We urge that there be intensive and effective consultation with the trade unions on the restructuring of Eskom. The private sector is also urged to play its full part, both in its self-interest and in the country's interests, in contributing to Eskom's strengthening.
The committee agrees with National Treasury that if state-owned entities, SOEs, require financial support, the state should appoint chief reorganisation officers to work with their boards and management in the same manner that a curator does with private companies in trouble.
The committee also believes that there are needs to be far more progress on the sale of the noncore assets of SOEs. The committee will pay keen attention to how the Select committee on appropriations processes issues related to the public sector wage bill.
The revenue shortfall has now increased to R42,8 billion compared to the R27,4 billion initial revenue shortfall for 2018-19. The
National Treasury has attributed the shortfall to persistent weak economic activity in corporate income tax; CIT. Clearing of VAT refunds backlog will also reduce the net revenue collection
However, we note the improvements in SA Revenue Services, Sars, in these past few months. We look forward to the appointment of the new sars Commissioner and welcome the formation of a new Illicit Economy Unit; the strengthening of the Sars information technology, IT, system; the revival of the Large Business Unit; and the appointment of Judge Dennis Davis to assess the amount of revenue not being collected by Sars.
Given that billions of rands are lost each year through Illicit Financial Flows, IFFs and the urgent need for revenue, Sars needs, in cooperation with other state agencies, as we have repeatedly said to do far more and far more quickly to reduce IFFs. The committee will continue to pursue this matter vigorously with Sars and the other relevant agencies.
We also believe that there has to be more progress on the National Treasury deciding on the Davis Tax Committee recommendations on curbing tax evasion and avoidance.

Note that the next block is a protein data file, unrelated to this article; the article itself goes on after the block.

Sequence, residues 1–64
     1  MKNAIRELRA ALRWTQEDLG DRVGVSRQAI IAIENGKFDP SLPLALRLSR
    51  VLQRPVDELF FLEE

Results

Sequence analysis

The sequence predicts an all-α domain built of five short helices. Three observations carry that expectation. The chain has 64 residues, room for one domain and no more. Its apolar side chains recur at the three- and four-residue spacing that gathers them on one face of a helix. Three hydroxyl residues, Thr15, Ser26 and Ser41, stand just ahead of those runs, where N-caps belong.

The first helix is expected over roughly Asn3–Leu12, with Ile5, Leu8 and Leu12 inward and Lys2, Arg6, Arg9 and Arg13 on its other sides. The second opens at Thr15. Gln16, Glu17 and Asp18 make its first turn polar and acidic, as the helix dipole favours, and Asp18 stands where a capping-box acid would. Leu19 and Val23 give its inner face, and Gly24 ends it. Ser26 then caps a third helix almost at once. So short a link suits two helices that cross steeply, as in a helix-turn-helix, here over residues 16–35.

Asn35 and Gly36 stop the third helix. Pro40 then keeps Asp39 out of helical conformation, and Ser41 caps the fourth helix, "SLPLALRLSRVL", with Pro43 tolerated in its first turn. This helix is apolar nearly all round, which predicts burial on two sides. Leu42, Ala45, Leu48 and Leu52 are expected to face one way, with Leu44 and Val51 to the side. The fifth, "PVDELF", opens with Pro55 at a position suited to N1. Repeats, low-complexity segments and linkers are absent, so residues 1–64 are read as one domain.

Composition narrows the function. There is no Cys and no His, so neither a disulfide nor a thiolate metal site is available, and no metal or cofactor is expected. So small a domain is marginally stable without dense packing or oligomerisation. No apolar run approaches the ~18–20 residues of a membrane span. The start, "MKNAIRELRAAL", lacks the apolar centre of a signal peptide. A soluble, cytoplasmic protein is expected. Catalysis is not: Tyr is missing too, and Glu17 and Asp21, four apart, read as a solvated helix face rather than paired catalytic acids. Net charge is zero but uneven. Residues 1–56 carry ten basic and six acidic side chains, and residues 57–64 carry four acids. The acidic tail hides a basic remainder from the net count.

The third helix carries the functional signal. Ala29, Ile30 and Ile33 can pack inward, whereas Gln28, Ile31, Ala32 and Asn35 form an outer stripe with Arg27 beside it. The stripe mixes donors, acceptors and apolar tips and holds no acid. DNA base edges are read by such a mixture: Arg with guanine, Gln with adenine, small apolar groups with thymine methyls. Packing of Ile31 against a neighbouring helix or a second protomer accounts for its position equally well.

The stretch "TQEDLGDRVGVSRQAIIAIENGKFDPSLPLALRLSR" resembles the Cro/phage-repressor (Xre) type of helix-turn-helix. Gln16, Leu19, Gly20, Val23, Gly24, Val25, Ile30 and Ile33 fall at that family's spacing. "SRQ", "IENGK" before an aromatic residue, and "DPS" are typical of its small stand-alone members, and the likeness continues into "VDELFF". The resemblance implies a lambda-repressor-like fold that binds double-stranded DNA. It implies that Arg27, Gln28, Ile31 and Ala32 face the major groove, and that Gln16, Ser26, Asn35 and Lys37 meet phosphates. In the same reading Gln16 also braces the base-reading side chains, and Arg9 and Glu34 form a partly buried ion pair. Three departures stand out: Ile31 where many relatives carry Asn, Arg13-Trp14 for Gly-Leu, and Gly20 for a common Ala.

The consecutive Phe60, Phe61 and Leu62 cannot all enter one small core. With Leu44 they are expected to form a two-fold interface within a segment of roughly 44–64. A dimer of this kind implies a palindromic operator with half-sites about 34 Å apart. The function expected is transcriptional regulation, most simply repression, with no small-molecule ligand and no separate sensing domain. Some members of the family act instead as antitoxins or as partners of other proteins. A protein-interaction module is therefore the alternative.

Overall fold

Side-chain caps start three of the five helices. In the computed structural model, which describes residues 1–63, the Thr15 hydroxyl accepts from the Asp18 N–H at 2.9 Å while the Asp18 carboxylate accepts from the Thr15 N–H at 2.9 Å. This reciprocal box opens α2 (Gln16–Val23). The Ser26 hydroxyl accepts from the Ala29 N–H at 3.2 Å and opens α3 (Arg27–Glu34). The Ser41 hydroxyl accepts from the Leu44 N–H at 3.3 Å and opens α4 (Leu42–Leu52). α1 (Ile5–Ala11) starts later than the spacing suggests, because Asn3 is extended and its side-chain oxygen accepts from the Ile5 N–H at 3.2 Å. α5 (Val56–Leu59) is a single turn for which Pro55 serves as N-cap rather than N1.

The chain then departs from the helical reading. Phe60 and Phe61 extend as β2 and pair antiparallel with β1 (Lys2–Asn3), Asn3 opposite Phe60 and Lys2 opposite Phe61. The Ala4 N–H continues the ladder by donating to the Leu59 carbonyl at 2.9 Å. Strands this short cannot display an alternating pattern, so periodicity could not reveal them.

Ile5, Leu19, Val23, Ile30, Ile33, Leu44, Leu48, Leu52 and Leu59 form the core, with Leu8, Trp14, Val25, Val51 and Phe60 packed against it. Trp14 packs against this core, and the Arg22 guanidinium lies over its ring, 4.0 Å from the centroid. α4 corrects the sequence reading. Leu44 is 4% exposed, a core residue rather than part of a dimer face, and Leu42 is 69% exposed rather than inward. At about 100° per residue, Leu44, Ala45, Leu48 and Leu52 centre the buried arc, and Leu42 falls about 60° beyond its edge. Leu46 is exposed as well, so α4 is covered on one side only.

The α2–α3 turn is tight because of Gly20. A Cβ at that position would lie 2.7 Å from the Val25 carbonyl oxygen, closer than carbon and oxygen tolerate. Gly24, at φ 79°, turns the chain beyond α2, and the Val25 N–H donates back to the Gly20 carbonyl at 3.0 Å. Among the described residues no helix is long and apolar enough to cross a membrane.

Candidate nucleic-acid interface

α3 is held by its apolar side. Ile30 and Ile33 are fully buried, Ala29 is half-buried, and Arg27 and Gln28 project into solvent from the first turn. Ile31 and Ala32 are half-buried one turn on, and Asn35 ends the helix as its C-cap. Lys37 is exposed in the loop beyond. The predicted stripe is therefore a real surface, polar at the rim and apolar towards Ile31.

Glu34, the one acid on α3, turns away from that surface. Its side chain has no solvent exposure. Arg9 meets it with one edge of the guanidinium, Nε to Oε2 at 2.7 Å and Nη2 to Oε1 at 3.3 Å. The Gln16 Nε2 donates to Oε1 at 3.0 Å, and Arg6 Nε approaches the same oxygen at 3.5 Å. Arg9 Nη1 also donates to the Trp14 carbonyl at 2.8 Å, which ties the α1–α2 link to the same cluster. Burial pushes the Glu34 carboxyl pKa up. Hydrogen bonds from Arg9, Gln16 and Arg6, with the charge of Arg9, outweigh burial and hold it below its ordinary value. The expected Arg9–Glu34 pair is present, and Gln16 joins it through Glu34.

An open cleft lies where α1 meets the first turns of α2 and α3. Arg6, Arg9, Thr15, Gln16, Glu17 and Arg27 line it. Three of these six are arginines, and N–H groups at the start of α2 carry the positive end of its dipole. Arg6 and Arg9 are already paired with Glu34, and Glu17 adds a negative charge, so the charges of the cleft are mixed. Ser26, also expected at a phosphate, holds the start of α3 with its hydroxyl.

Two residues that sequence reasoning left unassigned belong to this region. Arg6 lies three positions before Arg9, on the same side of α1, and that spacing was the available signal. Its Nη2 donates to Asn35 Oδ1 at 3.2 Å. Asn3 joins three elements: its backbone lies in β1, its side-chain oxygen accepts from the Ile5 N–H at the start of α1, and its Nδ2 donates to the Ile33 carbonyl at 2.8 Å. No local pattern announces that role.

We agree with the proposal in the public hearings that National Treasury should be more effectively exploring boosting revenue by taxing income and profits from the digital economy.
We note the concerns that the commitments made in the National Economic Development and Labour Council, Nedlac, by National Treasury and other government departments about reducing job losses related to the implementation of the Health Promotion Levy or sugar beverages taxes are not being fulfilled. The same issues may arise in regard to the implementation of carbon tax.
Progress on these Nedlac commitments need to be reported regularly to the committee, in the sixth Parliament and this will be done and that will be in our legacy report on the quarterly basis.
The committee agrees with the proposal in the public hearings that that the Office of the Tax Ombud should have more powers to investigate without asking for Ministerial approval and should be actively involved in amendments to the Tax Administration Act, 28 of 2011.
The committee welcomes the recommendations of the Nugent Commission of Inquiry on Sars Tax Administration and Governance and urges
National Treasury to introduce amendments to the legislation reasonably soon.
We also welcome the R526 billion for infrastructure over the medium term.
The Employment Tax Incentive Scheme has been very successful with 1,1 million young people being beneficiaries and we welcome the decision to extend it for another 10 years.
There are thirty recommendations and I am not going to deal with every one of them, but very important the committee will also refer the submission of the Pietermaritzburg Pensioners Forum. They came all the way from Pietermaritzburg to Parliament and the South African Insurance Association, SAIA, to the Select Committee on Appropriation to process further as they deal with appropriations issues. It is about inquest intentions.
The committee reiterates its views that government alone cannot ensure the necessary economic growth. Parliament, the private sector, the trade unions, other sections of civil society and the public all have a role to play. However, government has to lead in
this regard. We welcome the progress so far and would like to see more.
A word of appreciation, this is the last report on the Fiscal Framework and Revenue Proposals of the fifth Parliament and the word of appreciation to the support staff of this Select Committee for Finance. I worked with some of them for nine and a half years, others, others little bit shorter. Keep it up. With the finger in front of your chest and say, I want to be the best. You are doing well. The DA reserves its right on this report. I hereby table this report for consideration by House. Thank you.